More efficient traffic stops… for police
A new mobile app lets officers query multiple databases during roadside traffic stops.
A new mobile app promises to make traffic stops by Pennsylvania police more pleasant -- at least for the officers involved.
Traffic Stop, which was released in April, lets police key in a license plate or drivers’ license number and get information from multiple sources, including the State Police, the Administrative Office of Pennsylvania Courts and the departments of Transportation and Human Services. Previously, police would have to search six different databases for the same information, which was time-consuming and tedious -- not to mention dangerous for officers and citizens stopped on the sides of busy highways.
Now officers can enter the information once during a traffic stop to find out if the car is stolen or if the subject has a warrant, suspended or revoked license or is associated with a protection from abuse order.
Traffic Stop is hosted on the Pennsylvania Justice Network (JNET), a secure portal used by criminal justice and public safety professionals to access data from local, state and federal sources. JNET’s infrastructure locates and accesses data from agency databases and operates through Pennsylvania’s Criminal Justice Information Services compliant enterprise data center. "At no cost to taxpayers, we have created a tool that will increase public safety and allow officers to perform their jobs more effectively," Secretary of Administration Sharon Minnich, whose office oversees JNET, said in the announcement. "Officers can spend less time looking up information and be alerted sooner to potentially dangerous situations during traffic stops."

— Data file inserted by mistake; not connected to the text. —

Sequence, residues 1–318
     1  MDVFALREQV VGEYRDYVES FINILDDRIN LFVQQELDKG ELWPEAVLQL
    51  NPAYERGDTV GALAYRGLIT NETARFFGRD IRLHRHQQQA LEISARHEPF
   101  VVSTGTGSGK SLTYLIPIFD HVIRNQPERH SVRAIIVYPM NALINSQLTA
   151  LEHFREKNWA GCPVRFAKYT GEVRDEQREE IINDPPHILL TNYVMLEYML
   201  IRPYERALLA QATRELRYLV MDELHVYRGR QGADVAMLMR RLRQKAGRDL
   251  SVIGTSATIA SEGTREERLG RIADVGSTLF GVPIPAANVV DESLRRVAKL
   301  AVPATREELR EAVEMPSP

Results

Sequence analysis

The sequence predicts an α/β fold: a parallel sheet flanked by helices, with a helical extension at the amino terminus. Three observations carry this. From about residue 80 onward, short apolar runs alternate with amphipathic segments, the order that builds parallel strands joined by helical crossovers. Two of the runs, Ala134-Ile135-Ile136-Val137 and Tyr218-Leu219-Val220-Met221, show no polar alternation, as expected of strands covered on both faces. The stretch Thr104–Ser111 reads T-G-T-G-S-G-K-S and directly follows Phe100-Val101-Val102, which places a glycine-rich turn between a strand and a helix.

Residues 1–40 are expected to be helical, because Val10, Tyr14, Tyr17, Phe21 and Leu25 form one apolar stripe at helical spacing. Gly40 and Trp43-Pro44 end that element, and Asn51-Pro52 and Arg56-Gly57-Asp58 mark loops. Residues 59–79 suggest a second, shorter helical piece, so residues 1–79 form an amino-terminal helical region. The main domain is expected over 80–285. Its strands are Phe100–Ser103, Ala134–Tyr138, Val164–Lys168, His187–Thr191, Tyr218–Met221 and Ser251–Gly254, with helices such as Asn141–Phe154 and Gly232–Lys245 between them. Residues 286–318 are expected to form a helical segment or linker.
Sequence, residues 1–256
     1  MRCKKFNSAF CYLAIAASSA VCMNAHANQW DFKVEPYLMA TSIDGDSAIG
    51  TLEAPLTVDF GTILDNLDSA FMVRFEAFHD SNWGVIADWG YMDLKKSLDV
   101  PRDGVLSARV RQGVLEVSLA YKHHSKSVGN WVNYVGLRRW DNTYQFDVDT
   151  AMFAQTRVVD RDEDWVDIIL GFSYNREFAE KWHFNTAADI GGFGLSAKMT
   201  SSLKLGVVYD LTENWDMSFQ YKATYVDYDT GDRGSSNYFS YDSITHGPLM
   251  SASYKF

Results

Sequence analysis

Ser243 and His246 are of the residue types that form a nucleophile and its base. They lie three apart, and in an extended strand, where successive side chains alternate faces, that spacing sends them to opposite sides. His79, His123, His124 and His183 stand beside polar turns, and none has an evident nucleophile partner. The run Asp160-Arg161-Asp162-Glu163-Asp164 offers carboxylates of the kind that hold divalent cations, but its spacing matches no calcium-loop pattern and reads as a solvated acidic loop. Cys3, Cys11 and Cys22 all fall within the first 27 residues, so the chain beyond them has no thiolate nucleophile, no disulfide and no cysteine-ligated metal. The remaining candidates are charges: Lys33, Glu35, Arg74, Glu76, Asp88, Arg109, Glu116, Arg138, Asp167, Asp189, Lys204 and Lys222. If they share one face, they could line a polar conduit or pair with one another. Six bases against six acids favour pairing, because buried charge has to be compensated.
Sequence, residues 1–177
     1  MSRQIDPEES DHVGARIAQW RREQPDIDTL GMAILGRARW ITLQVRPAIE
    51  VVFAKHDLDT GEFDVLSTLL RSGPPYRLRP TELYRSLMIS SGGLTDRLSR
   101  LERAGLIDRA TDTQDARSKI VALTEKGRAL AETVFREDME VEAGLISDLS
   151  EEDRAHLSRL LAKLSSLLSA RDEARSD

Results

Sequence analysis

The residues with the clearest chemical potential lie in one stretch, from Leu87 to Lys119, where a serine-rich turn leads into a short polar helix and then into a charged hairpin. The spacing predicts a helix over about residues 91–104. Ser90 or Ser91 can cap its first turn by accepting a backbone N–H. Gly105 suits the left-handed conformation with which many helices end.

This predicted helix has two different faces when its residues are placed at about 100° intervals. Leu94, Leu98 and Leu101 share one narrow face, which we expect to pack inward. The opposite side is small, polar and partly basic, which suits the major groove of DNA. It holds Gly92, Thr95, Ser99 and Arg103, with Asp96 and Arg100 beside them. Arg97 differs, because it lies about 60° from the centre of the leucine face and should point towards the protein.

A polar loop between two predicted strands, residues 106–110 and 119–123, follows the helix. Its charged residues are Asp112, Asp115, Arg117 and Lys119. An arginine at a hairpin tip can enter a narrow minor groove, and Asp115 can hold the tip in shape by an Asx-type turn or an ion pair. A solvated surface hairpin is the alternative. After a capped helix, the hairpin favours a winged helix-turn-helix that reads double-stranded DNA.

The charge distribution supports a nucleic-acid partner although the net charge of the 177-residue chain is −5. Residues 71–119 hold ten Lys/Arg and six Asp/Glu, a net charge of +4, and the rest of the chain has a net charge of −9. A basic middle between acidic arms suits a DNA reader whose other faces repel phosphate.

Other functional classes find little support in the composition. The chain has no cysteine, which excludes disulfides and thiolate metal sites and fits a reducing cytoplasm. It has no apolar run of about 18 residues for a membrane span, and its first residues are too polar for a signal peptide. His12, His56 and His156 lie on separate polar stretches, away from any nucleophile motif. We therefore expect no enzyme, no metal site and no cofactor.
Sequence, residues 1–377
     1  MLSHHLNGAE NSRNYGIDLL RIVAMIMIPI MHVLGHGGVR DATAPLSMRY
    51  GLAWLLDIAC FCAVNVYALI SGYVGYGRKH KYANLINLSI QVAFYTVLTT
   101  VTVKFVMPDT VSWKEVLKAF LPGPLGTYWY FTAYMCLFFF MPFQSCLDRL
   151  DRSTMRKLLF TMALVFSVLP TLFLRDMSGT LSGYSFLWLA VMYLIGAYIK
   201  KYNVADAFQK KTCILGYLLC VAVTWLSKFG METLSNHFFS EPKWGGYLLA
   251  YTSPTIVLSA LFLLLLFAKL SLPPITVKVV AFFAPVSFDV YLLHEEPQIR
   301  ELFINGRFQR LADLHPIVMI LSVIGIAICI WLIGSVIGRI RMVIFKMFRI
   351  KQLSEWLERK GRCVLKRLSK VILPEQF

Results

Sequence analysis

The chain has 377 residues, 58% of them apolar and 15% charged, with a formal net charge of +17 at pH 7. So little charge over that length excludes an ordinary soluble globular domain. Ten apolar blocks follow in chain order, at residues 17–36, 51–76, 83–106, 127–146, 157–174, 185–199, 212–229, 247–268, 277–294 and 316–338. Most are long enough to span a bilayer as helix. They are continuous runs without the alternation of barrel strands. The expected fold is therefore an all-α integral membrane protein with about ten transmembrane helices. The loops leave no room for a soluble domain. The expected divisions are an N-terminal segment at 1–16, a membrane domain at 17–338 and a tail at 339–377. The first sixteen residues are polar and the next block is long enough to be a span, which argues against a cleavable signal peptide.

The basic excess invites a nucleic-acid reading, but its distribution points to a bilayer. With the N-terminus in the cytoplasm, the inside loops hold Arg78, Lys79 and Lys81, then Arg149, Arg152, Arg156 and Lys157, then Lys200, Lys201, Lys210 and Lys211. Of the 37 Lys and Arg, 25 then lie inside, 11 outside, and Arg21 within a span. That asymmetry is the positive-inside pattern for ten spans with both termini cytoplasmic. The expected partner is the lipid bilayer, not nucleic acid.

The data itself is stored on separate agency servers and databases, which, according to JNET Executive Director Eric Webb, actually keeps the information safer. “It’s actually more secure with us not owning the data,” Webb told StateScoop. If JNET “did have a breach, the intruder is not really touching databases.”
Since the April release, officers have conducted over 47,000 person and vehicle inquiries using Traffic Stop.
"The application is amazing. I can run information quicker than a dispatcher. I have already made several arrests for expired and suspended registrations," said Nathan Groft, of the Carroll Valley Borough Police Department.
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